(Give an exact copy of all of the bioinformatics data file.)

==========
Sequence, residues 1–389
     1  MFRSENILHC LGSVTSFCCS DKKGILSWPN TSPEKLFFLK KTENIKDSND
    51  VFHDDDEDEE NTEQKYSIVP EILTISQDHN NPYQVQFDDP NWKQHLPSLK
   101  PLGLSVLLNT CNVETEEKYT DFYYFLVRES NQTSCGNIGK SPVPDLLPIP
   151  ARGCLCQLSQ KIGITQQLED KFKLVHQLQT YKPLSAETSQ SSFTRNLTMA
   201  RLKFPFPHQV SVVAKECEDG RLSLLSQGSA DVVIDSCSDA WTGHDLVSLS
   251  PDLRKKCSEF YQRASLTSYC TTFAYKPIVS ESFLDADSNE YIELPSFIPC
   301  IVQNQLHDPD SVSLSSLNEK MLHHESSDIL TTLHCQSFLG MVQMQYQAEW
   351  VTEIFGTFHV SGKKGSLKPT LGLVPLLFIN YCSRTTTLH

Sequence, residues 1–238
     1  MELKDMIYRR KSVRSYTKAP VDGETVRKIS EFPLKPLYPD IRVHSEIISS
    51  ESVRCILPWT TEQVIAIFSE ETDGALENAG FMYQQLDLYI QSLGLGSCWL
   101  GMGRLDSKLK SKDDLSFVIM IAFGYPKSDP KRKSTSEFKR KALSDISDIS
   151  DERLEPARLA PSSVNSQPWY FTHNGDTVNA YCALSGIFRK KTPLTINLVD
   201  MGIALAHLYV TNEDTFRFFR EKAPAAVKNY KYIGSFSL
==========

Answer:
Sequence, residues 1–389
     1  MFRSENILHC LGSVTSFCCS DKKGILSWPN TSPEKLFFLK KTENIKDSND
    51  VFHDDDEDEE NTEQKYSIVP EILTISQDHN NPYQVQFDDP NWKQHLPSLK
   101  PLGLSVLLNT CNVETEEKYT DFYYFLVRES NQTSCGNIGK SPVPDLLPIP
   151  ARGCLCQLSQ KIGITQQLED KFKLVHQLQT YKPLSAETSQ SSFTRNLTMA
   201  RLKFPFPHQV SVVAKECEDG RLSLLSQGSA DVVIDSCSDA WTGHDLVSLS
   251  PDLRKKCSEF YQRASLTSYC TTFAYKPIVS ESFLDADSNE YIELPSFIPC
   301  IVQNQLHDPD SVSLSSLNEK MLHHESSDIL TTLHCQSFLG MVQMQYQAEW
   351  VTEIFGTFHV SGKKGSLKPT LGLVPLLFIN YCSRTTTLH

Sequence, residues 1–238
     1  MELKDMIYRR KSVRSYTKAP VDGETVRKIS EFPLKPLYPD IRVHSEIISS
    51  ESVRCILPWT TEQVIAIFSE ETDGALENAG FMYQQLDLYI QSLGLGSCWL
   101  GMGRLDSKLK SKDDLSFVIM IAFGYPKSDP KRKSTSEFKR KALSDISDIS
   151  DERLEPARLA PSSVNSQPWY FTHNGDTVNA YCALSGIFRK KTPLTINLVD
   201  MGIALAHLYV TNEDTFRFFR EKAPAAVKNY KYIGSFSL